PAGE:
Sunday, December 12, 2010

pink; pink tons

The colour pink is normally associated with sweetness, intimacy and fragility but this intense mass of glass, even though it does look light, airy and beautifully translucent, is an incredible contrast to it's reality. I have never seen this work but I was instantly attracted to the above image of Roni Horn's Pink Tons created in 2008. Apart from being attracted to the colour, the sheer size of the work made me want to know more! The piece is solid cast glass and stands at 48 x 48 x 48 inches. 

I want to start talking about this work with you all imagining a pink cloud floating next to it. Go on, can you see the pink cloud in the background next to it? Good. A pink cloud would be an obvious thing to create with pale pink, as our associations with the colour would be represented within such a work. We can easily imagine being engulfed by it and the feelings we would feel towards such a lovely cloud of pink fluff. It is something that can be imagined within our minds and we can easily create the feelings we imagine we would feel, as it's reality is not far off what we would imagine, even if we can't physically experience it. We see pink clouds often during a wonderful sunset and have a lifetime of looking and imagining what it would feel like to experience a pink cloud. How lovely would that be?!?!?!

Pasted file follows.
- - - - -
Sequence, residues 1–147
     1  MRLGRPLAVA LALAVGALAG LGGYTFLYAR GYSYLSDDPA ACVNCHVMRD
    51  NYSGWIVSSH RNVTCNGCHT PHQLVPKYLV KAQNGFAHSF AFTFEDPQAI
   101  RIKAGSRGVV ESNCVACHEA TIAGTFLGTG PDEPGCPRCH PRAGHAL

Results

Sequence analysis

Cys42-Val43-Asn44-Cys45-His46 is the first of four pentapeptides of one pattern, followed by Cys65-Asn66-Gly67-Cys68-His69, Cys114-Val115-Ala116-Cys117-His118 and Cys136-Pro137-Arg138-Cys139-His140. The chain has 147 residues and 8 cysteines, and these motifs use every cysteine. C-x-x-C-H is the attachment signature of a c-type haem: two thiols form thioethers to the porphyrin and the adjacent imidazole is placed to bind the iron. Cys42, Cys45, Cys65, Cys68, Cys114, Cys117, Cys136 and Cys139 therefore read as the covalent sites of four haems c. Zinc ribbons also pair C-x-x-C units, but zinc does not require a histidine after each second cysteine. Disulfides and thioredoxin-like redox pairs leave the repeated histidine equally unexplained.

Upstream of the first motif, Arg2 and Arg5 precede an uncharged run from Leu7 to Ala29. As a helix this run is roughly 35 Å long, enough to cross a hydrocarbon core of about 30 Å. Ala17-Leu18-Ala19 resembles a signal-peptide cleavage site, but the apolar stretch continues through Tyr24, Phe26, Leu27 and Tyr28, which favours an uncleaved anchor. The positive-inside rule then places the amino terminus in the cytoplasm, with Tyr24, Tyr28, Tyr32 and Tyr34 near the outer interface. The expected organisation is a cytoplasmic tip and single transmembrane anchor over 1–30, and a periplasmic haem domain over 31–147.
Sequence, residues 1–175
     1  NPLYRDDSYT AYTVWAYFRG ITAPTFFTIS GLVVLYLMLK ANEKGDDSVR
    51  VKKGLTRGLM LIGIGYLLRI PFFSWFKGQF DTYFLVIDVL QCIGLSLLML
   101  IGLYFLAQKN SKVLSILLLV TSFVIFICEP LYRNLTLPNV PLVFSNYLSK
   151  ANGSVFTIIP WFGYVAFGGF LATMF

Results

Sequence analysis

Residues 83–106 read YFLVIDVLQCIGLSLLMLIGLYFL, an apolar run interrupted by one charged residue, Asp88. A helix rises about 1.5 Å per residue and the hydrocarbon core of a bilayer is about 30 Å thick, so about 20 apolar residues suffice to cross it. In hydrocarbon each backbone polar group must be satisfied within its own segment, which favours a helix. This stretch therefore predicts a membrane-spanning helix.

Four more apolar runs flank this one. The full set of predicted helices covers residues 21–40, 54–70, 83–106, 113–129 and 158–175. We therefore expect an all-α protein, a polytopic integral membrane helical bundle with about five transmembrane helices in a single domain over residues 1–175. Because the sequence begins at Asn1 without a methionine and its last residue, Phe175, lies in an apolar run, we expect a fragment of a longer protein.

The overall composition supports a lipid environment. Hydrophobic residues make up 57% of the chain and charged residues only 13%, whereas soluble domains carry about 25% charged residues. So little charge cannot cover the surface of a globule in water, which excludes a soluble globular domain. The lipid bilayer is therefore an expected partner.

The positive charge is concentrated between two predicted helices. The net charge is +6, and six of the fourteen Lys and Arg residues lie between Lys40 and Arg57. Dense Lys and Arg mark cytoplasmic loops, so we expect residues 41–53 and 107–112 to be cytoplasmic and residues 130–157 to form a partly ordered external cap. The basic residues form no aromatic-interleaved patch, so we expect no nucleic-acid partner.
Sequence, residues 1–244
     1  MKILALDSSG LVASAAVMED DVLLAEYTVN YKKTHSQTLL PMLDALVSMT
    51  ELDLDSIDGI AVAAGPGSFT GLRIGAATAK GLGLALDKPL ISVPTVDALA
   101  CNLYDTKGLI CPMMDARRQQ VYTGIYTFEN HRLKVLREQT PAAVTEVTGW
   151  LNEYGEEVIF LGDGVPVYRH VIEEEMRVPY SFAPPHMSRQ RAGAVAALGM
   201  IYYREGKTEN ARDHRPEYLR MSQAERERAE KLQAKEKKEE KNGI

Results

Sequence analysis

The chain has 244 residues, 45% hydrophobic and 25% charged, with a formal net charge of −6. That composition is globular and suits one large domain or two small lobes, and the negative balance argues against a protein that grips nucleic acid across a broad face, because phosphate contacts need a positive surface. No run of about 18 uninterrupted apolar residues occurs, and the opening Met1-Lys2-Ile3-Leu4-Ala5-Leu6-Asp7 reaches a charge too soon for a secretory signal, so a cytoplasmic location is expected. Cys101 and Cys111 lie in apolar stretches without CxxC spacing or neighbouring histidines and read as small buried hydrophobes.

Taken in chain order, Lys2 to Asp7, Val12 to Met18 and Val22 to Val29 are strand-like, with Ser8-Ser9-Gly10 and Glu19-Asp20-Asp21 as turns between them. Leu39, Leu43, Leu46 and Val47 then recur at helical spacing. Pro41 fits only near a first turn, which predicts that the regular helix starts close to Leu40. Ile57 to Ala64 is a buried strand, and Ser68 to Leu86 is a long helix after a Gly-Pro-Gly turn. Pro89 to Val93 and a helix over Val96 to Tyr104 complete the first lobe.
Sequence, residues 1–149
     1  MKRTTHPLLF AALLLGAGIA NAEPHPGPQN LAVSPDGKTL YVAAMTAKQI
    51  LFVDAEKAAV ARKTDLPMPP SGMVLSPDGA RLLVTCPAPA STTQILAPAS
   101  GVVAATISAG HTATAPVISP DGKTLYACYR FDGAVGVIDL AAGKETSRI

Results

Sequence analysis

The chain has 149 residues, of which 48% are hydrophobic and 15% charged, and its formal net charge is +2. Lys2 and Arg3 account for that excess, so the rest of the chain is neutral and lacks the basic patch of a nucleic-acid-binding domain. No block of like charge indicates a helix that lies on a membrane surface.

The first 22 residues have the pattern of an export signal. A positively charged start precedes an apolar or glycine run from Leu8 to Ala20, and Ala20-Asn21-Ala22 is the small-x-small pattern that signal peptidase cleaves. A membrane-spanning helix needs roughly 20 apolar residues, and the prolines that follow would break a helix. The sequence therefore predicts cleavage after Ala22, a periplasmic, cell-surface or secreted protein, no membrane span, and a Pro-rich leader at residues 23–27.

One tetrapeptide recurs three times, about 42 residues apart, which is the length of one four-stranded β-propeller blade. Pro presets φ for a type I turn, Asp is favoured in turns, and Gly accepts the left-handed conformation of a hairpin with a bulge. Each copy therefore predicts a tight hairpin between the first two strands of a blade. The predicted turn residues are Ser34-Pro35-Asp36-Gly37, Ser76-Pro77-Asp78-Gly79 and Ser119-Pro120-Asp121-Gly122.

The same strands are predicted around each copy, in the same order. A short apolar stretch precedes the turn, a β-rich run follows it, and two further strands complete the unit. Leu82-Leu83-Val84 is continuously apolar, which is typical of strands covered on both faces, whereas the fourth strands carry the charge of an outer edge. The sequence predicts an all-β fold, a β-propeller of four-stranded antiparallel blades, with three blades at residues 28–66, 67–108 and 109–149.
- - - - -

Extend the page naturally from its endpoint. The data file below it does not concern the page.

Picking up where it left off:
If we now go back and look at Pink Tons with the feelings and emotions we have just felt with our imaginary pink cloud work, we are almost stopped in our tracks, like we've just been hit by a big pink semi-trailer truck! Pink is not meant to hurt us in that way! It is meant to be gentle, calming, even soothing to be around, but Horn's work does everything but soothe us. A mass of heavy glass masquerading as something light and translucent, cannot go forth and fool us, especially with the knowledge that this work ways a hefty 5 tonnes, or can it?

It has been said that in a certain light or at a different perspective, this pink mass of solid dense glass gives the appearance of a liquid surface, like an ice cube starting to melt from being exposed to room temperature. But this work is not melting away or disappearing before our very eyes. It is here to stay! Pink Tons questions our associations with pink and how we perceive the context for the colour.  It makes us think of materials and materiality and how they can be transformed to trick us into thinking differently about their reality.

Is Pink Tons, a mass of cast glass, really that much different to a cloud? And is pink really that much different to any other colour? It seems this work highlights  our reactions to and feelings towards things is what determines how different they really are.

This work would be a feat to experience and one that I hope to some day. Until then, all I can do is try and live the experience by talking about it with you.


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